A serial sexual predator was jailed today for a campaign of abuse he began as a child and continued into adulthood, targeting girls as young as four.
Stephen Charters carried out a string of sex crimes against victims aged four to eight over two decades.
The former bus driver had denied the offences at an earlier trial, but he was found guilty of five charges of indecent behaviour and two of rape.
Locking him up for five years, a judge told Charters: “These are very serious charges of which you have been convicted, and they were committed over a very long period.”
Lady Clark of Calton said it was plain that his victims had been very seriously affected by their abuse for many years.
She said she accepted that most of the early offending was committed while Charters was a child himself and that the first rape, of an 11-year-old, occurred when he was aged 13 or 14.
The further rape he carried out on a girl aged between six and eight took place when he was “a young adult”, however, she noted.
Lady Clark told him: “I take into account that you are a first offender, that you led a useful and productive life and that there has been no offending for many years.”
Charters, formerly of Wood Street, Galashiels, was convicted of committing sex crimes between 1977 and 1997 in the Borders, at Gorebridge in Midlothian and East Kilbride in South Lanarkshire.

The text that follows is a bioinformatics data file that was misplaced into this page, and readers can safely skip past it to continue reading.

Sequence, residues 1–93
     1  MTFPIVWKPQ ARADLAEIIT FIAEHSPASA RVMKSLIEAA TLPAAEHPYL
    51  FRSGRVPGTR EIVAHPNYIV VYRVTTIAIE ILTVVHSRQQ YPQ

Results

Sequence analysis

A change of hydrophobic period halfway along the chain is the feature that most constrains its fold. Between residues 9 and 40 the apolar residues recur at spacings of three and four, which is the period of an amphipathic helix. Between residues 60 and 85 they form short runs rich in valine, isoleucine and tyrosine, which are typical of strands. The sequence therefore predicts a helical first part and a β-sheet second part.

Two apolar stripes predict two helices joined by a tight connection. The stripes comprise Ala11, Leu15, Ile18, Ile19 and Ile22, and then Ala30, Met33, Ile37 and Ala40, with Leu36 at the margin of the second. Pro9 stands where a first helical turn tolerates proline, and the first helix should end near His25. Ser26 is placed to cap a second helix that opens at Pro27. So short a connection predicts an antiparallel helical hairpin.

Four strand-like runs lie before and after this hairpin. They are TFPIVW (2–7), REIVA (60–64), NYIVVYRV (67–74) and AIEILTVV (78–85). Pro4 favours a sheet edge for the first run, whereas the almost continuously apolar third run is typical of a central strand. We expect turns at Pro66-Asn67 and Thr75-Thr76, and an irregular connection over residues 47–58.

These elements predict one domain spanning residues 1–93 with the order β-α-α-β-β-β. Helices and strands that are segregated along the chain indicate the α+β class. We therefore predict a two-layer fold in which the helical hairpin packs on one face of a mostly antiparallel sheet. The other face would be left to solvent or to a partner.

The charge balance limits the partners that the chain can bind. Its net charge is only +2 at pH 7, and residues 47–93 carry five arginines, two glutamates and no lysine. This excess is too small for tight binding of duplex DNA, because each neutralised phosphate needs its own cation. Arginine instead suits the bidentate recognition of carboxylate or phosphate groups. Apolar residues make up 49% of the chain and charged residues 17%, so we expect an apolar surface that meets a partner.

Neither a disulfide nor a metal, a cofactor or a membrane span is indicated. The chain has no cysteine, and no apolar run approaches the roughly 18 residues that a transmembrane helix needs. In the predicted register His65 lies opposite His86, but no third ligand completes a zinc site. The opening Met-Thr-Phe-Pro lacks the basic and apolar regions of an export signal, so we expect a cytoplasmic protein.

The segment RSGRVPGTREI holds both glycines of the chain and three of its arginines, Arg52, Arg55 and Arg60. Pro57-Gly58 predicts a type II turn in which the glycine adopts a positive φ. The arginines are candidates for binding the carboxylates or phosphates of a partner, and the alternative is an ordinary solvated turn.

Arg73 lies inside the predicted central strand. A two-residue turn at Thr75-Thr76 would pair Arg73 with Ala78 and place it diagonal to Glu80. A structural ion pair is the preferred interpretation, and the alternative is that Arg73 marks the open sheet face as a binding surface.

The 51-year-old was convicted of sexual offending from the age of 12, the youngest age for prosecution in Scotland.
He began by molesting a younger girl at a house near Melrose, exposing himself and carrying out sex acts on himself and the child from when she was nine. He later raped her when she was 11.
Charters later abused a second girl at a house in Gorebridge and at the Royal Commonwealth Pool in Edinburgh, before raping her.
On top of that, he made inappropriate sexual remarks to a third girl in East Kilbride and during a car journey.
Lady Clark said: “He is in complete denial about all of this. He does not seem to have any understanding or recognition of his behaviour on the victims.”
Defence counsel Shelagh McCall told the High Court in Edinburgh that Charters continued to deny any involvement in sex offending.
She said there had been a 20-year gap since the last of the offences, and during that time he had worked for a bus firm and driven children to school. Other people had been interviewed, but no further allegations were made against him, she said.
Charters is prepared to co-operate with offending-related programmes on offer in prison, she added.